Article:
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Thermally Upgrading Single Leaf Masonry Walls With Internal Wall insulation...What Are The Pitfalls?

Friday 23rd January 2015

Identifying areas and elements within existing buildings where substantial improvements to the thermal performance can be affected, will always present a variety of challenges.

Thermally Upgrading Single Leaf Masonry Walls With Internal Wall insulation...What Are The Pitfalls? Thermally Upgrading Single Leaf Masonry Walls With Internal Wall insulation...What Are The Pitfalls?

Identifying areas and elements within existing buildings where substantial improvements to the thermal performance can be affected, will always present a variety of challenges. The reason for this is that most of the material used in older buildings exhibit very different characteristics than most modern building materials especially in the areas of vapour diffusion, “breathability” and moisture management. One such area of contention is the thermal upgrade of single leaf masonry walls with internal insulation. 

For specifiers, it is critical to assess the existing wall in order to select a durable thermal solution. Gerry, an Architect from a Cork based practice asked the following question regarding this issue:

"On a single leaf masonry wall what are the key items to be assessed prior to applying internal wall insulation systems?"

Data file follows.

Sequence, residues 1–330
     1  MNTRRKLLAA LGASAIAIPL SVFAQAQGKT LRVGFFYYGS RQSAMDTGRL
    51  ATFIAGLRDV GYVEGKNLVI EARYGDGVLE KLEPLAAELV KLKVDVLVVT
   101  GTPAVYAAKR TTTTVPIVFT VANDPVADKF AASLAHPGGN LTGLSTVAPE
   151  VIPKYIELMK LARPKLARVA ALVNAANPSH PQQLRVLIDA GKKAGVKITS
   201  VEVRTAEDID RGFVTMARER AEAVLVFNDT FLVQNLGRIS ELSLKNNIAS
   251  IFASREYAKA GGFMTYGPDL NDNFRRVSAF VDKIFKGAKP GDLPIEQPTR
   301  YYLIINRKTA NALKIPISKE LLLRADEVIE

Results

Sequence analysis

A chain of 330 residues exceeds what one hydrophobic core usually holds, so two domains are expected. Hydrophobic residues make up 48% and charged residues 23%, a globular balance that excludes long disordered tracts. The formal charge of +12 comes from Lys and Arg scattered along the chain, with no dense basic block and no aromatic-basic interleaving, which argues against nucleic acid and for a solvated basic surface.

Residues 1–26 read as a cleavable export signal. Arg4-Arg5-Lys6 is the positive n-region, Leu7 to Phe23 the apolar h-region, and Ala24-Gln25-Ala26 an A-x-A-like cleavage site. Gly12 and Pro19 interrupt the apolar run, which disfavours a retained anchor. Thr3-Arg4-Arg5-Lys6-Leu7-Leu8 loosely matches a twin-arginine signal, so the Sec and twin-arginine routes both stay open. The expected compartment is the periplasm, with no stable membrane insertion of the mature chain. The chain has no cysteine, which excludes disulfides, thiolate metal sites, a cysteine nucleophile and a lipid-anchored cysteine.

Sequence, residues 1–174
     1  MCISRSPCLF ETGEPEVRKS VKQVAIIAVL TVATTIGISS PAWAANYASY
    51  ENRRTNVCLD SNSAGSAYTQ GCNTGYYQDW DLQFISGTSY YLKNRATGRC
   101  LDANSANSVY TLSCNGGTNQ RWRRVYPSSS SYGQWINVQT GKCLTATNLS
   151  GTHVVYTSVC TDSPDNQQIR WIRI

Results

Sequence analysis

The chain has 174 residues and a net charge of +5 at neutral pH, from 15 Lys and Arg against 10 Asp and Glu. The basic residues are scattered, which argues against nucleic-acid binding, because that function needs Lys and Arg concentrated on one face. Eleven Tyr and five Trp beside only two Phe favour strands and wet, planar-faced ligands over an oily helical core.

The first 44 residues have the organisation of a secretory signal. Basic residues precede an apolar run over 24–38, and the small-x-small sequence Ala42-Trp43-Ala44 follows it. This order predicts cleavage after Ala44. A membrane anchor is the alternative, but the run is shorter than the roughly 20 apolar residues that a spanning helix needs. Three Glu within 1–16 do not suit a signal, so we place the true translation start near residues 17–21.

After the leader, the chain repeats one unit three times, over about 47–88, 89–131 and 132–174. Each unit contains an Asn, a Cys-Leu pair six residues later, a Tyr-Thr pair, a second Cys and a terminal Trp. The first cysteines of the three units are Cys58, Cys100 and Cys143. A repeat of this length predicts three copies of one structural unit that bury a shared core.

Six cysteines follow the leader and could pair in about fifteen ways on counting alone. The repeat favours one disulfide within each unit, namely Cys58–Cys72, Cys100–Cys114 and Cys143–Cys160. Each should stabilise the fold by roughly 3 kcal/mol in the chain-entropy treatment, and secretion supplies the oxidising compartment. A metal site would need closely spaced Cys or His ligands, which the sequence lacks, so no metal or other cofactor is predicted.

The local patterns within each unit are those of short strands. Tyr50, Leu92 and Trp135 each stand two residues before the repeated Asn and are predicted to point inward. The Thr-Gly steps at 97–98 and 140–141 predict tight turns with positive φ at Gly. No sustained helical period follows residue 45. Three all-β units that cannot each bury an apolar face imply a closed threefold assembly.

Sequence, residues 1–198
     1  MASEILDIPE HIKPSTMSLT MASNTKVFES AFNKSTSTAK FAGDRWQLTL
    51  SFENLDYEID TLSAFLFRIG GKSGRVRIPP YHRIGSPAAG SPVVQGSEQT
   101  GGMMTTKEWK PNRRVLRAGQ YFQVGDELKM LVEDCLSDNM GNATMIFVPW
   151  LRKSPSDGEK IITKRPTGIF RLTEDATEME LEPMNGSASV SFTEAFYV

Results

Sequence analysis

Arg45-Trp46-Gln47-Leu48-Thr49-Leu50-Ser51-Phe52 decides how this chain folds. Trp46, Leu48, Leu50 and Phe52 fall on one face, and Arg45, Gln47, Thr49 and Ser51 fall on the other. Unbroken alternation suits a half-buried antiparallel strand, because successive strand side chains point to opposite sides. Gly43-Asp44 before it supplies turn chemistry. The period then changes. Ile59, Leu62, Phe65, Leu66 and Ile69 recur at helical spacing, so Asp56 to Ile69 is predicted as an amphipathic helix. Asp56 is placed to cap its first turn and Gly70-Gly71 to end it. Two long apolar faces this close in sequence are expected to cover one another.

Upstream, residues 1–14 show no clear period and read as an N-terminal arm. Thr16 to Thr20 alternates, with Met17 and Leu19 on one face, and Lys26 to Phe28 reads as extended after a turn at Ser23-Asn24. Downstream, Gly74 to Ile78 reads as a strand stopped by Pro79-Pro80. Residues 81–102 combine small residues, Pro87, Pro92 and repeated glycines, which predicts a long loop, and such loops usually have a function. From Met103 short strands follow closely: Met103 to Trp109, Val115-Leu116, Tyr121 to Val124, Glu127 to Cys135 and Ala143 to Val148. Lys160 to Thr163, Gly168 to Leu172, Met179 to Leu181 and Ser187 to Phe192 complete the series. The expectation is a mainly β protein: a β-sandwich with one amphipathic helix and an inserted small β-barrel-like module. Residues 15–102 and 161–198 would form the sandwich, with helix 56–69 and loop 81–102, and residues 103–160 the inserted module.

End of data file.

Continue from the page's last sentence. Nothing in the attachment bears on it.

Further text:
Calsitherm boards with exposed external plaster and mesh
Calsitherm boards with exposed external plaster and mesh
Calsitherm system showing all of the components once installed
Calsitherm system showing all of the components once installed

There are many items to consider prior to specifying internal wall insulation on solid masonry walls, a number of which are:

  • Ensure that the wall is not suffering from existing moisture ingress issues (i.e. due to poor drainage externally, poor maintenance of water goods or inappropriate or poorly maintained external plaster or pointing.)  If it is, this must be addressed prior to any installation commencing. 
  • Is there existing external plaster on the wall or is it exposed brick or stone?
  • Is the existing plaster lime or cement based?
  • How exposed is the building?
  • How thick is the wall?
  • What is the stone type and what is the approximate proportion of mortar to stone or brick?
  • Is there an internal plaster and if so what type?
  • Consider the potential for thermal bridging between solid internal walls, windows doors and floors, to external walls.

Following an assessment of these points, I would recommend to that the long term impact of thermal insulation on the wall be assessed with a numerical simulation in accordance with IS EN 15026 2007, as opposed to the conventional Glaser method (IS EN 13788). The numerical simulation method provides much higher levels of accuracy for such constructions. This can be carried out with hygrothermal simulation software such as WUFI Pro or Delphin.

In such scenarios it is recommended to apply thermal insulation materials which significantly reduce heat loss and at the same time reduce the risk of long term moisture accumulation within the structure. Materials which fulfil these criteria may be woodfibre boards, such as Gutex Thermoroom or calcium silicate capillary active insulation, such as Calsitherm. In some cases a sealed humidity variable vapour control layer, such as Pro Clima Intello Plus, combined with a natural insulation, such as Thermo Hemp between battens may be used.

This can be validated with a numerical simulation tool, such as WUFI Pro. 

Gutex Thermoroom 60mm board
Gutex Thermoroom 60mm board
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